Notes on the Bible, by Albert Barnes, , at sacred-texts.com
This and the following three chapters recount the successive rebellions of the Israelites after their departure from Sinai; culminating in that by which they brought upon themselves the sentence of personal exclusion from the land of promise.
See the marginal rendering. They murmured against the privations of the march.
The fire of the Lord - Probably lightning; compare Psa 78:21.
In the uttermost parts - Rather, in the end. The fire did not reach far into the camp. It was quickly quenched at the intercession of Moses.
Taberah - i. e. "burning:" not the name of a station, and accordingly not found in the list given in Num. 33, but the name of the spot where the fire broke out. This incident might seem (compare Num 11:34) to have occurred at the station called, from another still more terrible event which shortly followed, Kibroth-hattaavah.
Occurrences at Kibroth-hattavah.
The mixt multitude - The word in the original resembles our "riff-raff," and denotes a mob of people scraped together. It refers here to the multitude of strangers (see Exo 12:38) who had followed the Israelites from Egypt.
The natural dainties of Egypt are set forth in this passage with the fullness and relish which bespeak personal experience.
There is nothing at all ... - literally, "Nought at all have we except that our eyes are unto this manna;" i. e. "Nought else have we to expect beside this manna." On the manna see Exo 16:15 note; on bdellium see Gen 2:12 note.
The weeping was general; every family wept (compare Zac 12:12), and in a manner public and unconcealed.
The complaint and remonstrance of Moses may be compared with that in Kg1 19:4 ff; Jon 4:1-3, and contrasted with the language of Abraham (Gen 18:23 ff) The meekness of Moses (compare Num 12:3) sank under vexation into despair. His language shows us how imperfect and prone to degeneracy are the best saints on earth.
Seventy men of the elders of Israel - Seventy elders had also gone up with Moses to the Lord in the mount Exo 24:1, Exo 24:9. Seventy is accordingly the number of colleagues assigned to Moses to share his burden with him. To it, the Jews trace the origin of the Sanhedrim. Subsequent notices Num 16:25; Jos 7:6; Jos 8:10, Jos 8:33; Jos 9:11; Jos 23:2; Jos 24:1, Jos 24:31 so connect the elders with the government of Israel as to point to the fact that the appointment now made was not a merely temporary one, though it would seem to have soon fallen into desuetude. We find no traces of it in the days of the Judges and the Kings.
Elders of the people, and officers over them - In English idiom, "elders and officers of the people." Both elders and officers appear in Egypt (Exo 3:16; Exo 5:6 ff): the former had headed the nation in its efforts after freedom; the latter were the subordinate, though unwilling, agents of Egyptian tyranny. The two classes no doubt were working together; and from those who belonged to either, perhaps from those who were both eiders and officers, the council of Seventy was to be selected.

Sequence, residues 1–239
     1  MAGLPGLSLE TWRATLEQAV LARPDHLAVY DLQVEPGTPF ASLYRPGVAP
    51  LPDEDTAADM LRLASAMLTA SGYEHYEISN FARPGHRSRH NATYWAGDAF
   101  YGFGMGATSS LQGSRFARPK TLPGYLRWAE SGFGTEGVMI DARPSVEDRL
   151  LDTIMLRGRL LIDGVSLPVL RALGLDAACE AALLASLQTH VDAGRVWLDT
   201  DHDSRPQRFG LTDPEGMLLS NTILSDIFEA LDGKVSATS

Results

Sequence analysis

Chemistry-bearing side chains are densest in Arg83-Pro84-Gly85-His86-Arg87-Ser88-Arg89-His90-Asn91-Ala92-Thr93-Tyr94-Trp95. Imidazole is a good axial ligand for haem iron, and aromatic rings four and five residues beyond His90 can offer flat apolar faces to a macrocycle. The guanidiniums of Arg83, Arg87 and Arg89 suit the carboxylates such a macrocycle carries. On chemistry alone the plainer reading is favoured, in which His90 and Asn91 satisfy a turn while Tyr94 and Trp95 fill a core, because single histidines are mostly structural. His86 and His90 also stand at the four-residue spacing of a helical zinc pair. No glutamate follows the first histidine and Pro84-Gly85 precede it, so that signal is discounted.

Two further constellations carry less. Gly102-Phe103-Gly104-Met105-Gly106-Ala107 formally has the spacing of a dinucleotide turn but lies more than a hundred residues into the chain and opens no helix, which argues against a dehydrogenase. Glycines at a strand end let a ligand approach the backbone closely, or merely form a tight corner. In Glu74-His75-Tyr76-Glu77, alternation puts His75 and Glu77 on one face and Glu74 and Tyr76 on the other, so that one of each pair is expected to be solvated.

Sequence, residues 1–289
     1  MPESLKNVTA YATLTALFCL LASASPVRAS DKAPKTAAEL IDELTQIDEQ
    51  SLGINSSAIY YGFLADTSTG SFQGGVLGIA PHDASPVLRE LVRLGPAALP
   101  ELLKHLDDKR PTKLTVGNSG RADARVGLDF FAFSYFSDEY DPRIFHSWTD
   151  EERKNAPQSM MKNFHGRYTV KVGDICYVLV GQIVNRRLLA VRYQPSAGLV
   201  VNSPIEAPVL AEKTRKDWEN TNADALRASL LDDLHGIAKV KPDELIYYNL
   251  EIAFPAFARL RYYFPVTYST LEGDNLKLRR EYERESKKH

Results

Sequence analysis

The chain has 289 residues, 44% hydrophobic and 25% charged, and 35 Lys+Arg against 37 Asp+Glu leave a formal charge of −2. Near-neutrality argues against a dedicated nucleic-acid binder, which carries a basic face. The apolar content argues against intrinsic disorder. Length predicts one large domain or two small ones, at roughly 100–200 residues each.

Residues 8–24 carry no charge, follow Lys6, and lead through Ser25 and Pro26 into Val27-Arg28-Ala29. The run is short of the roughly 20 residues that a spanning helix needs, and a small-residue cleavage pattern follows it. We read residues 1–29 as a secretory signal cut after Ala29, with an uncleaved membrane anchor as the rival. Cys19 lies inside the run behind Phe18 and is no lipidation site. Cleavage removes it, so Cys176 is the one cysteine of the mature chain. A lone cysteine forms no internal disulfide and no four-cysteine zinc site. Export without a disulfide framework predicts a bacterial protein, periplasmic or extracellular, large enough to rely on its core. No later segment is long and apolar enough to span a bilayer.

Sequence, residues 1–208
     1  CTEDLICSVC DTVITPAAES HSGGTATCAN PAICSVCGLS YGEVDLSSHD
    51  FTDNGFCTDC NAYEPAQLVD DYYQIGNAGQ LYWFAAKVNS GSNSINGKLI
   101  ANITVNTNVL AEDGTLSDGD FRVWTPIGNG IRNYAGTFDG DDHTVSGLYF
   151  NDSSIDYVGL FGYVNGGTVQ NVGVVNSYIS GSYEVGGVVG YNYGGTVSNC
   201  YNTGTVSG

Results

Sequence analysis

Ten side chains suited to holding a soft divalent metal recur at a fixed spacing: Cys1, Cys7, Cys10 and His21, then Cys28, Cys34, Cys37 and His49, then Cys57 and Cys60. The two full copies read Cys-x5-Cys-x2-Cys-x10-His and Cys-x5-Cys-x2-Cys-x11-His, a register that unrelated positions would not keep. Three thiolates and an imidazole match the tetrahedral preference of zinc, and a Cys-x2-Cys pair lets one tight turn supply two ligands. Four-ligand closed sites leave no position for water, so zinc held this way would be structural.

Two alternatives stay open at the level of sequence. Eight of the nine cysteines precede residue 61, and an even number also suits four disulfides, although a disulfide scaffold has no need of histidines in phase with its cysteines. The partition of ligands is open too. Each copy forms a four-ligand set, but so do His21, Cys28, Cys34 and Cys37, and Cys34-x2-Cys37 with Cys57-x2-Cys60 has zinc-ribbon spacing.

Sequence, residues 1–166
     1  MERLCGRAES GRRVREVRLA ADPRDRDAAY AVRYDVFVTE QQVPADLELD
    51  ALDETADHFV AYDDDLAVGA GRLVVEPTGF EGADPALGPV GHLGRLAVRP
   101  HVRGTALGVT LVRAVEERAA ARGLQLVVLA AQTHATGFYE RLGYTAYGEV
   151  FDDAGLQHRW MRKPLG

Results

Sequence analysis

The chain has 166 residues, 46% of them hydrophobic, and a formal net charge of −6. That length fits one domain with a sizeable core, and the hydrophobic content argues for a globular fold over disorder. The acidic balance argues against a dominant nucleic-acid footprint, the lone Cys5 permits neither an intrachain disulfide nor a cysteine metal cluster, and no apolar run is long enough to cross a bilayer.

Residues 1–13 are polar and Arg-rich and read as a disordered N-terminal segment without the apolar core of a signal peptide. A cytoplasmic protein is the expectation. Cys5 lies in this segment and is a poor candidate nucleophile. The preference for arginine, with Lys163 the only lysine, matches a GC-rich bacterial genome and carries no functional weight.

I will take of the spirit which is upon thee - Render rather separate from the spirit, etc.; i. e. they shall have their portion in the same divine gift which thou hast.
They prophesied - i. e. under the extraordinary impulse of the Holy Spirit they uttered forth the praises of God, or declared His will. Compare the marginal references.
And did not cease - Rather, and added not, i. e. they prophesied at this time only and not afterward. The sign was granted on the occasion of their appointment to accredit them in their office; it was not continued, because their proper function was to be that of governing not prophesying.
Of them that were written - i. e. enrolled among the Seventy. The expression points to a regular appointment duly recorded and permanent.
Enviest thou for my sake? - (Compare Mar 9:38 ff) The other members of the Seventy had been with Moses (compare Num 6:16, Num 6:24-25) when the gift of prophecy was bestowed on them. They received "of the spirit that was upon him," and exercised their office visibly through and for him. Eldad and Medad prophesying in the camp seemed to Joshua to be acting independently, and so establishing a separate center of authority.
The southeast wind, which blew from the neighboring Elanitic gulf of the Red Sea, brought the quails Exo 16:13.
Two cubits high - Better, "two cubits above the face of the ground:" i. e. the quails, wearied with their long flight, flew about breast high, and were easily secured by the people, who spread them all abroad for themselves Num 11:32, in order to salt and dry them. The quail habitually flies with the wind, and low.
Ten homers - About 55 bushels. Compare Lev 27:16.
Ere it was chewed - Better, ere it was consumed. See Num 11:19-20. The surfeit in which the people indulged, as described in Num 11:32, disposed them to sickness. God's wrath, visiting the gluttonous through their gluttony, aggravated natural consequences into a supernatural visitation.
Num 11:34, Num 11:35
(Kibroth-hattaavah has been identified by Palmer with the extensive remains, graves, etc., at Erweis El Ebeirig, and Hazeroth "enclosures" with Ain Hadherah.)